The new stadium, that the club had bet their dream and invested a gargantuan amount of their budget on, was bought by Italian property magnate Giorgio Squinzi who, to the Reggiana fans’ dismay, owned local rivals Sassuolo. The stadium that the club, the city and its fans devoted themselves to was now owned, and rented back to them, by the rich owner of their neighbouring rivals – a bleak and sobering reality that hasn’t really faded since.
There was a brief period when it looked like Reggiana might return to the heights they briefly climbed to. Mike Piazza, the MLB Hall-of-Famer, bought the club for €3million in June 2016. With Italian grandparents and time spent coaching their national team, his passionate speech about returning Reggiana to Italian football’s top table was received well at his unveiling. With smoke from flares whipped around him by supporters’ flags, this looked to have been the moment the fans craved: a city reborn.
Alas, it was not to be. Piazza and his wife, who had no business experience whatsoever, struggled as owners of the club – it seemed that, whilst his passion and love for the city was evident, converting it into meaningful results proved too difficult. In a famous press conference, in an all almost parodical tribute to Kevin Keegan’s “I will love it if we beat them”, Piazza bemoaned that Reggiana were being pushed around, and were charged excessive and unsustainable rent by Sassuolo to play in their stadium.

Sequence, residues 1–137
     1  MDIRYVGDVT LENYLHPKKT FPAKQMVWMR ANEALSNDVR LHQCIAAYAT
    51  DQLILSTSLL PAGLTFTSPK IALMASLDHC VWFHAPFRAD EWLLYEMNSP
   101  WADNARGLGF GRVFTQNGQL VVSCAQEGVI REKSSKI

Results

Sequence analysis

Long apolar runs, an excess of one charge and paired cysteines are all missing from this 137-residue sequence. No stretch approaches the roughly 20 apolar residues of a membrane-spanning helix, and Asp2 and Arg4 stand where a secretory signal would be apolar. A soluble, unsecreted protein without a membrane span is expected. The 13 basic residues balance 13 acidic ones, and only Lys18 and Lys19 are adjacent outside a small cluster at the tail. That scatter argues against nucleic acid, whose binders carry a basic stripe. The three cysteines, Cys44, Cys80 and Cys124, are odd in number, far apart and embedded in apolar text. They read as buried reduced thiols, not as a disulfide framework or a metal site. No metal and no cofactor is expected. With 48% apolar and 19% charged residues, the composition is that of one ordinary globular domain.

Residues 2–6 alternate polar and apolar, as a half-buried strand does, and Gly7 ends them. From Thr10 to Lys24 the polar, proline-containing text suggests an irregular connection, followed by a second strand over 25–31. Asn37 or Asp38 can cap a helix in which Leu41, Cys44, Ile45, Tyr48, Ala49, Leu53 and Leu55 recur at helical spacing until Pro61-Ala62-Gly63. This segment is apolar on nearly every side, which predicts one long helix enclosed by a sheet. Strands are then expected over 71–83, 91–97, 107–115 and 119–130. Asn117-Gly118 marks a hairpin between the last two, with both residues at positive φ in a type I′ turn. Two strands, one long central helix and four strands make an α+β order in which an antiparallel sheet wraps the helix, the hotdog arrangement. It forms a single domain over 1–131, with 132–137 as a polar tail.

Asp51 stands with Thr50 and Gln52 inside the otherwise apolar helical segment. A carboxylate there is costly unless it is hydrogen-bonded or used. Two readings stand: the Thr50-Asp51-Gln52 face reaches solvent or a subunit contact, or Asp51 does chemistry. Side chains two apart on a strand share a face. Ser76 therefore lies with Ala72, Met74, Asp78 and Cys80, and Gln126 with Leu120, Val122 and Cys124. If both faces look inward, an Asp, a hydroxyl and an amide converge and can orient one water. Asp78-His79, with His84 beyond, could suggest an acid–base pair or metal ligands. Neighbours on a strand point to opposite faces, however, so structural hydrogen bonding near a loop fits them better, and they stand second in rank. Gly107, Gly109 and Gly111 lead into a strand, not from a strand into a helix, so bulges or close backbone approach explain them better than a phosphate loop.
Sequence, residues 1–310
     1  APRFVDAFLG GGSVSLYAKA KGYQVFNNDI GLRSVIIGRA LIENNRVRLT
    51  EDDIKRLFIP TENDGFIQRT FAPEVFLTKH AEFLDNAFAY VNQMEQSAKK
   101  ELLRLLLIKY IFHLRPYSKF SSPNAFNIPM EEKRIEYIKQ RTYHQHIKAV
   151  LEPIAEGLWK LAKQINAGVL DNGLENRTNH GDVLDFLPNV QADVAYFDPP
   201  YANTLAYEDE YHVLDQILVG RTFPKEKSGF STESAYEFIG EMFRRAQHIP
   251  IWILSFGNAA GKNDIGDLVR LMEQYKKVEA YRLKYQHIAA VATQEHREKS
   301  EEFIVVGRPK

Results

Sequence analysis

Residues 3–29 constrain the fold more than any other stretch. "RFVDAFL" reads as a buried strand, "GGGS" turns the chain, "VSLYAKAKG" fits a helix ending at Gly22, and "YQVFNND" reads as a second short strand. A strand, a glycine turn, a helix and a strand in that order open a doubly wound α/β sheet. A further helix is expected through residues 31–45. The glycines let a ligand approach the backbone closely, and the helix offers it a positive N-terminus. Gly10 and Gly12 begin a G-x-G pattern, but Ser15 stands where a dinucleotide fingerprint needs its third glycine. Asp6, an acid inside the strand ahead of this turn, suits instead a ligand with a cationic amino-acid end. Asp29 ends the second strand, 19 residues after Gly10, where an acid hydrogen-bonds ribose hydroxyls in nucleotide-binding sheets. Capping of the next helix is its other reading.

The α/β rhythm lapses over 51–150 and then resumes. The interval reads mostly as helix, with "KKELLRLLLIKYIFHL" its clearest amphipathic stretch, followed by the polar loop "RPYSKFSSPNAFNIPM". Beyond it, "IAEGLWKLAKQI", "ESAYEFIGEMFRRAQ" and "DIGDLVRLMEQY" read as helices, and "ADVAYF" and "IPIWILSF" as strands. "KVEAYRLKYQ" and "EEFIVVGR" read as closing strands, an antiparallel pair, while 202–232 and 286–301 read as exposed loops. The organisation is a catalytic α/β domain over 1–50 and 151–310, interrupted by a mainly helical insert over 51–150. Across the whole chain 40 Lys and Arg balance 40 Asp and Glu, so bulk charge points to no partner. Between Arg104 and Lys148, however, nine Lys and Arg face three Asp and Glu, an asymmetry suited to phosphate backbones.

Despite this, there was still a chance that Reggiana could emulate the success of its neighbours, particularly Parma and Sassuolo, by first achieving promotion to Serie B. Piazza had sought outside investment from overseas, changed the manager and increased the wage bill, all in the hope of gaining promotion and the financial security it could have provided. In their play-off semi-final, however, they lost to Siena after a controversial penalty was given in the tenth minute of stoppage time. Piazza erupted, accusing the Italian Football Federation of corruption.
Soon after, in 2018, the Piazza family left Reggiana abruptly – they deserted a set of fans, staff and players who felt blindsided by their sudden departure. The club was left with no option but to fold for the second time in their history. Hence Reggio Audace F.C was born, and are currently challenging at the top of Serie D.
In this week’s episode of On The Continent’s ‘Mailbag’, a listener got in touch to say they felt “it was a shame that the club was run into the ground at the hands of baseball hall-of-fame catcher Mike Piazza. I was appalled to hear my son say that the team was irrelevant, and lacked ambition due to playing in lower leagues, and wasn’t worth saving.”
This seems to be the problem, perhaps one stemming from a financial model entirely different to that of the Premier League – or La Liga to a lesser extent – in which their rising tides raise all boats. In Italy, with lower broadcast revenues and smaller crowds, the need for financial stability is paramount, yet difficult to come by. These smaller clubs are regularly disregarded by any fans outside the region, and by the owners whose whims of fancy bring them to the city, but who leave soon after.
These clubs cannot be allowed to fade beyond insecurity and into extinction. For every giant in Serie A, playing against Europe’s best teams and with some of the world’s best players, Italy needs teams like Reggiana. Teams who are desperate for a chance to compete among those giants, repaying the local fans whose continued support – financial or otherwise – often singlehandedly keeps the clubs afloat. For these fans, packed into a tiny stadium in a small town in Emilia-Romagna, are the true spirit of Calcio.